On Aug. 6, the prison population hit 9,123, an all-time high that is more than double the average of 4,000 inmates held in the late 1980s.
It also exceeds by about 1,600 the number of inmates the city's six detention centers were designed to hold.
If you think you're hot and irritable on these sweltering summer days, imagine being held three to a cell for 23 hours a day, with no air conditioning. City Solicitor Romulo Diaz once again says the city is taking various measures. Back in March, Diaz told the Prison Society he was concerned about summer 2007: "We're trying to reasonably address expected conditions," he told us then. Now he says Philadelphia should consider building another prison.
But the Inquirer article points to other solutions, quoting scholars from the Vera Institute, as well as Ralph Taylor, from Temple University.
[Taylor] said more focus must be put on the after care of inmates so they don't become repeat inhabitants of city prisons.
"The real trick is to get people to think of post-prison care as part of their public-safety dollars," Taylor said.
That money should go to preventing recidivism, not building another prison, Taylor said.
For the full text of Robert Moran's Inquirer article, click here.
Statewide in Pennsylvania, it's heartening to know there's real awareness that this problem can no longer be ignored. Gov. Ed Rendell has released details of an expansive package to reduce overcrowding in state and county facilities, with a focus on finding a new way to deal with nonviolent offenders.
From Sarina Rosenberg's article in Sunday's Inquirer:
Aspects of the governor's package aim to cut prison costs by streamlining prisoner transportation, paperwork and parole administration. ...
The proposal also would transfer some inmates serving sentences between two and five years from county to state prisons. That change could add about 2,500 inmates - at least 700 from Philadelphia alone - to the approxmately 45,600 in state prisons, according to the County Commissioners Association of Pennsylvania. ...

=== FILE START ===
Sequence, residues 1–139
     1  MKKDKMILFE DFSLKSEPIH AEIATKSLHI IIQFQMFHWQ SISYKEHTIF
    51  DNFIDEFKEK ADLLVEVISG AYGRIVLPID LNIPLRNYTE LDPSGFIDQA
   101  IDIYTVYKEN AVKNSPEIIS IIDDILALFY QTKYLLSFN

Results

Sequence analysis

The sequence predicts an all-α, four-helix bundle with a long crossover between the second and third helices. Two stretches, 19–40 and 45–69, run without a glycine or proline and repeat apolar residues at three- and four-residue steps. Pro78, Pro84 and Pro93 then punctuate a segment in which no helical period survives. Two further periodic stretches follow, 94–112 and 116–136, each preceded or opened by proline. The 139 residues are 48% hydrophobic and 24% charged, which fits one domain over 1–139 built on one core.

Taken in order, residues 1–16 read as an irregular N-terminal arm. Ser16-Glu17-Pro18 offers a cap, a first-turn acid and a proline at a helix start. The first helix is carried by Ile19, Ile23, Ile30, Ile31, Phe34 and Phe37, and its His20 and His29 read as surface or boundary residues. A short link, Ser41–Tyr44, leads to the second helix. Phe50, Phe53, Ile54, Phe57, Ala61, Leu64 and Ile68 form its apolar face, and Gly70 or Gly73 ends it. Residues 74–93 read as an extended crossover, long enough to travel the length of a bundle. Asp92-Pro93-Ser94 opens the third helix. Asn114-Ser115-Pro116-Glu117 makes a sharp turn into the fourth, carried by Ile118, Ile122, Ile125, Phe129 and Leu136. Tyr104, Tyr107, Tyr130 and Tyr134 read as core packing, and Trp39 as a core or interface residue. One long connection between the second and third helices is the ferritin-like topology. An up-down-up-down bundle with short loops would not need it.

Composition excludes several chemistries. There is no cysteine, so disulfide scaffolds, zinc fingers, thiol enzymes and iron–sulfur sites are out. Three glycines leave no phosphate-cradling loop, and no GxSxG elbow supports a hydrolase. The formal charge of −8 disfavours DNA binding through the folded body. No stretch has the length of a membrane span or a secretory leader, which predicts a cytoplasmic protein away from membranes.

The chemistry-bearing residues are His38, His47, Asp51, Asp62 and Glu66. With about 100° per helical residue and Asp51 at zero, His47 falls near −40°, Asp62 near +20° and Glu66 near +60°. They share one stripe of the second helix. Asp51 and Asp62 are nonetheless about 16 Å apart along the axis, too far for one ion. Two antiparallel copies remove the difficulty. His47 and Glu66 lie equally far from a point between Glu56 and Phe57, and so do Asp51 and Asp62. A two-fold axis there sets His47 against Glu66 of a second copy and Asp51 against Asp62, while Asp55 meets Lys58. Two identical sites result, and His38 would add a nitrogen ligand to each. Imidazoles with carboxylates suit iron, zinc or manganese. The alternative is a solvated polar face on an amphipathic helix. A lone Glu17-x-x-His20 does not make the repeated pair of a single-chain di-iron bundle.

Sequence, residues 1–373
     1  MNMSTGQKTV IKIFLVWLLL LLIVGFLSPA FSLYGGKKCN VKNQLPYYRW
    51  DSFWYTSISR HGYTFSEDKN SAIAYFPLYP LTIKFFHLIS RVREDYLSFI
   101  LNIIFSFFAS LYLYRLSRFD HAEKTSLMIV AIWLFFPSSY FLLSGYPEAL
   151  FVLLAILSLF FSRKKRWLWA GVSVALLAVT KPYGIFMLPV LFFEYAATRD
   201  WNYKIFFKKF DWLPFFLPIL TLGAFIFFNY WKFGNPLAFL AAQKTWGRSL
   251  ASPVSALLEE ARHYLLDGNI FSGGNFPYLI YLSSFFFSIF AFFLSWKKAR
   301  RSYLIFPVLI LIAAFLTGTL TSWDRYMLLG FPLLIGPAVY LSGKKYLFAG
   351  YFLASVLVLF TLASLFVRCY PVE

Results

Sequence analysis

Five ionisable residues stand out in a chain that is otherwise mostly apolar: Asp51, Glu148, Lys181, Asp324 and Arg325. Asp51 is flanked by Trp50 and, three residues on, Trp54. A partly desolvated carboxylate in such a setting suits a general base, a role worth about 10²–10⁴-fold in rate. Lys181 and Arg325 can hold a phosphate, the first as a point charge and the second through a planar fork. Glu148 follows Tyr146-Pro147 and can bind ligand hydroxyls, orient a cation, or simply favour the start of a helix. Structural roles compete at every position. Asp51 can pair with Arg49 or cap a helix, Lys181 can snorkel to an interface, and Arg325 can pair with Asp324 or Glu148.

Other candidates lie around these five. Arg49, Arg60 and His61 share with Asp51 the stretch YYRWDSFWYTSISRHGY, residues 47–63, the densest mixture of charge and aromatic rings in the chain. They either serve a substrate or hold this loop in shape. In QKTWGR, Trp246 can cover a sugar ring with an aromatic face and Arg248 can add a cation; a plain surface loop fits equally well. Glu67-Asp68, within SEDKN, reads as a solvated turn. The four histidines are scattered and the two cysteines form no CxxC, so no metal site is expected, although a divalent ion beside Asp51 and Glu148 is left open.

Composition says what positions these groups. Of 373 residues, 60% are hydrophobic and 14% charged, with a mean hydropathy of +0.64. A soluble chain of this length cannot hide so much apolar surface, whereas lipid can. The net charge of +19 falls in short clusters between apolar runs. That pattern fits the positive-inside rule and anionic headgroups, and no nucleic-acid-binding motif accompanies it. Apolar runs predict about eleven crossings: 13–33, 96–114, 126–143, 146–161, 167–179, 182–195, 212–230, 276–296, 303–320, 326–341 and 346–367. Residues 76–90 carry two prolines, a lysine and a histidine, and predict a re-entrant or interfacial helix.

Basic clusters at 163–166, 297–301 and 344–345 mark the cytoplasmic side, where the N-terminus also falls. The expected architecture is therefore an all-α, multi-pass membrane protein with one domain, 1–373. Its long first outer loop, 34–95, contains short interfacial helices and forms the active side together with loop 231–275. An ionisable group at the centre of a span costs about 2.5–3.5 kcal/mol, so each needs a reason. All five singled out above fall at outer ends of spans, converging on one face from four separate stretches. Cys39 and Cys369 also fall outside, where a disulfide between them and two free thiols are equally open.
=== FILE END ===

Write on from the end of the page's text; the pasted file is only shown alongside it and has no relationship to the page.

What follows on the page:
The administration said the state system, though overbooked, could absorb the transfers with the early-release programs in place: The changes are expected to open up hundreds of state-prison beds, and save dollars, in coming years.
It's unclear when the consideration of Rendell's proposal will actually happen, but it's sure to generate plenty of press and controversy when it does, primarily due to the relentless legislator worry about being "tough on crime" -- despite the fact that correctional change resulting from that philosophy has not ensured public safety.
This version of the proposal comes after a lot of negotiation. Again, from the Inquirer:
Earlier versions of the legislation ... would have extended the option to current prisoners. But district attorneys across the state fought to keep the program limited to nonviolent offenders entering the state system after the legislation's approval.
The district attorneys were concerned about retroactively changing sentences, Hart said.
County judges can release some prisoners early for good behavior, but that practice is not tied to any formal rehabilitation program and does not apply to state inmates, many of whom have committed more serious crimes.
Although the district attorneys have signed off on it, the early-release provision could face fierce opposition from lawmakers concerned that such a policy might appear soft on crime.
For the full text of Sarina Rosenberg's article, go here.
[For more on the photographer, Macwagen, click here.]